Renderings by Gabellini Sheppard Associates courtesy Tishman Speyer; via NYC Landmarks Preservation Commission
Tishman Speyer proposed a plan to revamp certain aspects of Rockefeller Center during a hearing at the Landmark Preservation Commission on Tuesday, as CityRealty reported. With Gabellini Sheppard Associates at the helm, the design proposal makes tweaks to the gardens and outdoor plaza spaces at the 22-acre site. The upgrades—which mostly seek to improve circulation—come as city officials have been discussing the permanent restriction of traffic around Rockefeller Center following the successful pedestrianization of the area during the recent holiday season.
Renderings courtesy of Governor Andrew Cuomo’s office
This is what a renewed Erie Canal could look like in the years to come. Gov. Andrew Cuomo revealed a $300 million proposal on Monday to revamp the 19th-century waterway that was started by Gov. DeWitt Clinton in 1817. The multi-phase plan originates in research conducted by the “Reimagine the Canals” task force assembled by Cuomo last May. The first phase will begin later this year and comprises two parts: a $100 million economic development fund to invest in communities along the canal and $65 million toward preventing ice jams and flooding in the Schenectady area. The remaining $135 million will be allocated based on recommendations made in the task force’s report.
All renderings © James Corner Field Operations and BIG-Bjarke Ingels Group, courtesy of Two Trees Management
Two new mixed-use towers with 1,000 units of housing and six acres of public space have been proposed for the North Brooklyn waterfront. Two Trees Management on Thursday unveiled plans to bring two Bjarke Ingels Group-designed buildings, one at 650 feet and the other at 600 feet, on River Street between North 1st and North 3rd Street in Williamsburg. The buildings, with Metropolitan Avenue running between them, will serve as an entrance to the new waterfront space, part of a master plan designed in collaboration with BIG and James Corner Field Operations. The park and public beach would close the gap between Grand Ferry Park and North Fifth Park, eventually providing continuous access to the East River between South Williamsburg and Greenpoint.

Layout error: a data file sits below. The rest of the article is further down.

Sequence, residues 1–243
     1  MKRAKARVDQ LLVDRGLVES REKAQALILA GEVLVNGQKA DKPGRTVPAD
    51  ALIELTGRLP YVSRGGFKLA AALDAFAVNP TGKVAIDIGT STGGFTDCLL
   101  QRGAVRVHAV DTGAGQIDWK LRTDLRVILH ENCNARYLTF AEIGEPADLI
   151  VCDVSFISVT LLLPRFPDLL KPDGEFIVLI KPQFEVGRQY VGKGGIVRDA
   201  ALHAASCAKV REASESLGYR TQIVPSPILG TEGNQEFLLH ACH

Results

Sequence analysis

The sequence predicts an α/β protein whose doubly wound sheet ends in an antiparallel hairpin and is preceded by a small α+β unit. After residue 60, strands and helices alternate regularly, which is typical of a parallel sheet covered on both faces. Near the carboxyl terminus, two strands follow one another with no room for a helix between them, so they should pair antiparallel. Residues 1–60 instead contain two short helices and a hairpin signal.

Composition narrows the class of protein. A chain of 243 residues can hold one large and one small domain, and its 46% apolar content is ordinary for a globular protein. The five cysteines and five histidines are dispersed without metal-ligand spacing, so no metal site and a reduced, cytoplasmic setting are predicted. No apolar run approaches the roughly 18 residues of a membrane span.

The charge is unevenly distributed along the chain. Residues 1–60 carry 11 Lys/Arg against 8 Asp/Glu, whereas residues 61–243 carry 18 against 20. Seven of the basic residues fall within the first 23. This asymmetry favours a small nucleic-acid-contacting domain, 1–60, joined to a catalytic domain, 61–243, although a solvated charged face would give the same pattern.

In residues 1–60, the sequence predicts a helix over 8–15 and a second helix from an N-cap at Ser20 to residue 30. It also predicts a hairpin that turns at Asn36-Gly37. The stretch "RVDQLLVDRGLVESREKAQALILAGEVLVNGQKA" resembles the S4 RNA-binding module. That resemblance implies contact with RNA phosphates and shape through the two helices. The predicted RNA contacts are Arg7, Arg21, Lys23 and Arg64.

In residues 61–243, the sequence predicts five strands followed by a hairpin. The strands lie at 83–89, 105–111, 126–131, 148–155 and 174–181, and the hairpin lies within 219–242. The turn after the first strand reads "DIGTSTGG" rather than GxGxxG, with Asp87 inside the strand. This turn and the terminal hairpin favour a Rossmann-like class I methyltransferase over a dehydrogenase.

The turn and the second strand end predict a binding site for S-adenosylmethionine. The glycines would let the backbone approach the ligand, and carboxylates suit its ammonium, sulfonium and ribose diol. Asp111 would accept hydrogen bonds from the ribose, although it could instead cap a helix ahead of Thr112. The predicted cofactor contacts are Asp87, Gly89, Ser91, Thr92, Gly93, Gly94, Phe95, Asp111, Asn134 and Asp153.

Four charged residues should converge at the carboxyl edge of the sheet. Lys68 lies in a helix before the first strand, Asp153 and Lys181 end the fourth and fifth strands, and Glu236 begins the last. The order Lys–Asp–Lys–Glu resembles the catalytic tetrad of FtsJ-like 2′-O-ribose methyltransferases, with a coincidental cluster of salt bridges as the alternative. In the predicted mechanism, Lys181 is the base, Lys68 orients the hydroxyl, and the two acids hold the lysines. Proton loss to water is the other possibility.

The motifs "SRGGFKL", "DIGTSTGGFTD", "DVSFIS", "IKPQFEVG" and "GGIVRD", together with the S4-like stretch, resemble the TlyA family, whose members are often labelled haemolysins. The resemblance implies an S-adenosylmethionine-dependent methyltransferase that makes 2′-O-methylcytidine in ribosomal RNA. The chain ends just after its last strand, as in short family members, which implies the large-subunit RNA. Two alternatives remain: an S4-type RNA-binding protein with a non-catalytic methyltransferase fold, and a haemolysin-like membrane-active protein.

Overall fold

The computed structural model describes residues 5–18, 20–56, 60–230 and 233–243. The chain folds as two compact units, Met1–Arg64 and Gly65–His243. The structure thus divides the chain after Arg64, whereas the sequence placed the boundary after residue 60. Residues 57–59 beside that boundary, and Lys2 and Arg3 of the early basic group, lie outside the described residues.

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Courtesy of Matthews Nielsen Landscape Architecture, P.C. with attribution to W Architecture and Landscape Architecture, LLC
In May, the city announced plans to make Hudson Street between Canal and West Houston Streets in Hudson Square into a grand boulevard with wider sidewalks, parking-protected bike lanes, and small outdoor “living rooms” with seating surrounded by greenery are moving forward with design and construction teams on board. And now, work has officially commenced on the first phase of the project, shortly after Disney revealed its forthcoming Hudson Square headquarters, which will bring 5,000 new employees to the area.
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Rendering courtesy of Stantec
The creation of the East Midtown Greenway (EMG), a 1.5-acre public space stretching from East 53rd to 61st Streets along the waterfront, got underway Friday. The project, to be completed by 2022, is part of the Manhattan Waterfront Greenway initiative to wrap the entire perimeter of Manhattan with accessible public spaces and safe bicycle paths. The midtown space will close one of the largest remaining gaps in the $250 million city initiative, announced by Mayor de Blasio in 2018, to connect 32 miles of Manhattan waterfront esplanade.